Now, when the grapes ferment, the yeast converts the sugar into alcohol but it also does something else.

It adds what’s called secondary flavors to the grape.

So that’s another flavour on top of the natural flavor of the particular grape used in the wine.

Number two – grapes are very sweet.

This is a de-alcoholised wine from Carl Jung and this is a 100% grape juice from a supermarket.

Calories per 100 millilitres – 16.8 in the wine, 69 in the grape juice – more than four times as many

Sugar in the wine 3.5 grams, sugar in the grape juice 17 grams -there’s only 10.6 grams in CoCa-Cola.

Number three – grapes contain polyphenols.

These are antioxidants and are believed to protect the heart, lowering bad cholesterol, and preventing blood clots.

Now, while you can get these in both grape juice and alcohol-free wine, unless you’re drinking 100% percent pure grape juice you won’t be getting as many, and if you are drinking enough you’re still getting all the extra calories and all the extra sugar.

Actually here’s a bonus reason.

Even the smallest amount of alcohol in a drink helps the flavor in your mouth.

That’s why so many soft drink companies add a small amount of alcohol to their soft drinks, like colas and orange juices.

You’re allowed to put 0.5% in without putting it on the label.

But that means that the alcohol free wine with up to 0.5% alcohol has increased flavor in the mouth.

So there we are – three, no, four reasons why alcohol-free wine is not grape juice.

One – less sugar fewer calories.

Two – the full benefits of the polyphenols.

Three – a more mature and developed taste.

And four – the small amounts of alcohol helps that taste taste even better.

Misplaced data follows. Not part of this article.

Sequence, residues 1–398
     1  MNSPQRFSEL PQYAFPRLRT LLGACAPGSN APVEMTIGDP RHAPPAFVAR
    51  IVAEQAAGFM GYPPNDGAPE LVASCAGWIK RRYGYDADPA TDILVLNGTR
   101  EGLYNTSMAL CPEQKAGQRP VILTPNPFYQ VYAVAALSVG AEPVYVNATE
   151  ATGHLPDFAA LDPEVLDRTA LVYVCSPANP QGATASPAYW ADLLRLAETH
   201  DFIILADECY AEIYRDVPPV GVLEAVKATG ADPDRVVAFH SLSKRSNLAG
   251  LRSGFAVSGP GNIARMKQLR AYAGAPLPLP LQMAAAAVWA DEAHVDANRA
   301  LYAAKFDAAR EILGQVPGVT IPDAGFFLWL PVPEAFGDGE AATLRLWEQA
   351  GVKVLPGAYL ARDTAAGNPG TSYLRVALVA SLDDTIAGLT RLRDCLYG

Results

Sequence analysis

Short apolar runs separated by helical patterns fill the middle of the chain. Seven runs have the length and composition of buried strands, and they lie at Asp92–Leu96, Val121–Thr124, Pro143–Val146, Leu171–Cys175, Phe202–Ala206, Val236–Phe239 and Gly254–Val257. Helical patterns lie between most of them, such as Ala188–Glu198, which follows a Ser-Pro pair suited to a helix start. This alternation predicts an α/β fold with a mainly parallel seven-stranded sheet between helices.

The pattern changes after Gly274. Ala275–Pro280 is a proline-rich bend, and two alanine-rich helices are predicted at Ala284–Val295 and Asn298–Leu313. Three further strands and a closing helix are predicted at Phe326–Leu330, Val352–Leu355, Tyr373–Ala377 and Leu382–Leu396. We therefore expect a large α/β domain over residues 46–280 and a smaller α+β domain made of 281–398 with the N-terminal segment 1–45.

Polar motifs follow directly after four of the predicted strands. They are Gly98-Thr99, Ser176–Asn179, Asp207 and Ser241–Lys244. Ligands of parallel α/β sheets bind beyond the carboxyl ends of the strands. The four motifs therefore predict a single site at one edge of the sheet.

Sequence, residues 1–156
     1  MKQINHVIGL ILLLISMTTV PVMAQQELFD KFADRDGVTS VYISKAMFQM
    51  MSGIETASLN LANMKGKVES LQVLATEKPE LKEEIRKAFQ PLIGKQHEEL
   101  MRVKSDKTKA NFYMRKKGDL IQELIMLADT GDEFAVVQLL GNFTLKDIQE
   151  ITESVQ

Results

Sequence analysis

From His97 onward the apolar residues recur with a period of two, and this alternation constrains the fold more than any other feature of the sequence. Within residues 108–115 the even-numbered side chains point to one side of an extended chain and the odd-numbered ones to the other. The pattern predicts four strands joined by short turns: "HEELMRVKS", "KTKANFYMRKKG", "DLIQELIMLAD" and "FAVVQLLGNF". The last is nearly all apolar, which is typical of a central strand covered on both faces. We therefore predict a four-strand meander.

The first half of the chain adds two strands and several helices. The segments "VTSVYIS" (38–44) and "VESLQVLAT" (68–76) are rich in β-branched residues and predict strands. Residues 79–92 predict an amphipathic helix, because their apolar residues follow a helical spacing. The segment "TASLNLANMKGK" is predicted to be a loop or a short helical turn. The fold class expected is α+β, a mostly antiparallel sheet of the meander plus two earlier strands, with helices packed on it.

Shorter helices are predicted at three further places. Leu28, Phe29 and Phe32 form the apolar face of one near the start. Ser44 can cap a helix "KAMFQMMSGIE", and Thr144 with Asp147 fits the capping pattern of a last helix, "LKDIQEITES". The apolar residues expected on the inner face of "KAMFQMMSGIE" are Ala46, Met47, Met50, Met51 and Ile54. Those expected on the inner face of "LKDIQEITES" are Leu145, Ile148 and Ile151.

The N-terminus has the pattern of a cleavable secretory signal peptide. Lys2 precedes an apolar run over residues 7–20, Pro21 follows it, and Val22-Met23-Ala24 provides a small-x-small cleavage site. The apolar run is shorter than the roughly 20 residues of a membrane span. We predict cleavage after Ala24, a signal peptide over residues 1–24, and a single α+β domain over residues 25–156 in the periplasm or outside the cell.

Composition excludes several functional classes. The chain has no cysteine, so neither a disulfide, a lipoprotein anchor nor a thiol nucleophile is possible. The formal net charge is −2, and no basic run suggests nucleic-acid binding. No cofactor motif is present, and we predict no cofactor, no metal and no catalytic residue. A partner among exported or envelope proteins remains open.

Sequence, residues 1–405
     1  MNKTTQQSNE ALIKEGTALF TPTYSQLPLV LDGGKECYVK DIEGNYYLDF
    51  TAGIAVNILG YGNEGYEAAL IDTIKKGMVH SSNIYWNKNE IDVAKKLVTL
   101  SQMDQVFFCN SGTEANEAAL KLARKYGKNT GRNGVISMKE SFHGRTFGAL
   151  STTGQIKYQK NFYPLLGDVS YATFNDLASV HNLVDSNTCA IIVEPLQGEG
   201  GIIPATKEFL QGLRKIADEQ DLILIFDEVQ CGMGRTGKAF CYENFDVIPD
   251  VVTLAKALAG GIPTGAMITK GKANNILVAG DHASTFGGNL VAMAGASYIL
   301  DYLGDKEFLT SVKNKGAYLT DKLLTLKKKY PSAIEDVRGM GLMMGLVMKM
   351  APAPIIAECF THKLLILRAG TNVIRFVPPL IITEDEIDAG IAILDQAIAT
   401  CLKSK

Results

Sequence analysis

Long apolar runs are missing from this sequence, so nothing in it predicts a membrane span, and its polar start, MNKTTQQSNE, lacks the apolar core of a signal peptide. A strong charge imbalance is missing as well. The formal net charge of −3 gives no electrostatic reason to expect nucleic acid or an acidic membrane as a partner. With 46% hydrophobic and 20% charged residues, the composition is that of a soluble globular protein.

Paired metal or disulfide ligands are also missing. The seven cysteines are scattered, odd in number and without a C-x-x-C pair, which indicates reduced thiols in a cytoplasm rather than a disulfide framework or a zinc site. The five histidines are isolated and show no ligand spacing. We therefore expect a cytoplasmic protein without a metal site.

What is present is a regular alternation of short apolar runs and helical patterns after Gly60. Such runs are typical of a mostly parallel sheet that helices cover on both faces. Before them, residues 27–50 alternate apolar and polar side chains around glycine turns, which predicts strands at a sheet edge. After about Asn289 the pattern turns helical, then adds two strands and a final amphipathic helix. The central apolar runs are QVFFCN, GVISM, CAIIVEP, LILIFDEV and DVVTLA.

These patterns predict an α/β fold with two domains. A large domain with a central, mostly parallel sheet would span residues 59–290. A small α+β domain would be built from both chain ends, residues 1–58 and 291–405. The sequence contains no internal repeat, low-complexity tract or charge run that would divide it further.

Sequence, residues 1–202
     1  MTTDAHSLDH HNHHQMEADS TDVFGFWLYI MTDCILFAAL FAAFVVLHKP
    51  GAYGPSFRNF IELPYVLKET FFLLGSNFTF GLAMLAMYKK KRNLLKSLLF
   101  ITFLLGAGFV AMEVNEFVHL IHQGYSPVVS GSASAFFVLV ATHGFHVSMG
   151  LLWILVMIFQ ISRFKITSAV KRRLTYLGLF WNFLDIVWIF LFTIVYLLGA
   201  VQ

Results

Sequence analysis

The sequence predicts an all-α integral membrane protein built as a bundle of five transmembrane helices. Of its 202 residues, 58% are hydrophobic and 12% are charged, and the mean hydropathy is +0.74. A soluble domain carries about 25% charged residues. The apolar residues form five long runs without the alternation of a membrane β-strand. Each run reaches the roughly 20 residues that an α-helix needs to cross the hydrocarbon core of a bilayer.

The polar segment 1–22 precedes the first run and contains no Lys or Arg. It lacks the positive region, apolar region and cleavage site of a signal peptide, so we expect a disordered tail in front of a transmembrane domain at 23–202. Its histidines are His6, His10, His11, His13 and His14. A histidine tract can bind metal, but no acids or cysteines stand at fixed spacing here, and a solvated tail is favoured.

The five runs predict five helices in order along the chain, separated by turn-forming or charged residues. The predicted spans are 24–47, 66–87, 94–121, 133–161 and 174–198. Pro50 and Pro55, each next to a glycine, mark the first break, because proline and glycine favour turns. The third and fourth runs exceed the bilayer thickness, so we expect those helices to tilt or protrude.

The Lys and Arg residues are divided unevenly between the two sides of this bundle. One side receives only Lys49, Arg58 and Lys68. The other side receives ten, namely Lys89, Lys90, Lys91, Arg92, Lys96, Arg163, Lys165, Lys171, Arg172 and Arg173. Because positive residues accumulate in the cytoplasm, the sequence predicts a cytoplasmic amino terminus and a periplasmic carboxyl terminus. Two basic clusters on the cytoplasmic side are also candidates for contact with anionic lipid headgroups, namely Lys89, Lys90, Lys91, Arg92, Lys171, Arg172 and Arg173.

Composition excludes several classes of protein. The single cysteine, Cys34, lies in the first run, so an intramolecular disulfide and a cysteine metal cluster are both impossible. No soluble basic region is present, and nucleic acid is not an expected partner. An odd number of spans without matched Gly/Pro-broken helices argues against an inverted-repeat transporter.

So the next time someone says to you ‘Isn’t alcohol-free wine just a grape juice?’ you know exactly what to say to them!

Hacienda art auction for bomb victims raises more than £1,000

In June we auctioned a pair of rare art works depicting the legendary Hacienda nightclub in Manchester. The auction raised £1172.50 for the Manchester bomb victims and the money has already been received by the British Red Cross.

The limited-edition signed artwork had been donated to us a few years ago by Joy Division and New Order legend, and customer of ours, Peter Hook and had been on display in our shop.

The winning bidder was Factory Records fan Tony Dykes of Brighton who used to go to The Hacienda in the early days during the 1980s as a student at Manchester Polytechnic. He’s very kindly sent us a photograph of the art which is now on his walls.

Tony Dykes with the Hacienda Artwork
Tony Dykes with the Hacienda Artwork

Tony, aged 51, gave up alcohol last Autumn and has since become a customer of The Alcohol-Free Shop.

He said: “Like everyone else, I was appalled at the barbaric attack on innocent concert goers in Manchester, and my deepest sympathy goes out to everyone affected. Words really are not adequate. So most importantly, it is great that this money is going to the ‘We love Manchester’ fund.

“I grew very fond of the city and visited the Hacienda on a number of occasions when it was almost empty. My wife also lived in Manchester in the early to mid 1990s and she visited the Hac when it was a much more popular destination. These amazing prints have a personal resonance for us both and will take pride of place in our house above the record deck and amp.”

Art and antique transport specialist at The British Shop, whose experts carry priceless works around the world, donated their services and safely delivered the prints to Tony for free.

Our shop walls are not the same without these beautiful screenprints, but we’re delighted they’ve gone to a good home and raised money for an important cause.

We want to thank everyone who bid on the auction and especially Tony for his winning bid.


What would you like to talk about?

Customers love to tell us what they think and we’re always ready to listen.

Some of you phone over your order, or travel a long way to our shop, and we love to hear your stories about why you drink alcohol-free and what your favourite drinks are.

But there are only a handful of us and we only have two ears each so we’re looking for more ways to find out more about you.

Please take part in our a survey so we can listen to you better.

We’d love to hear your thoughts!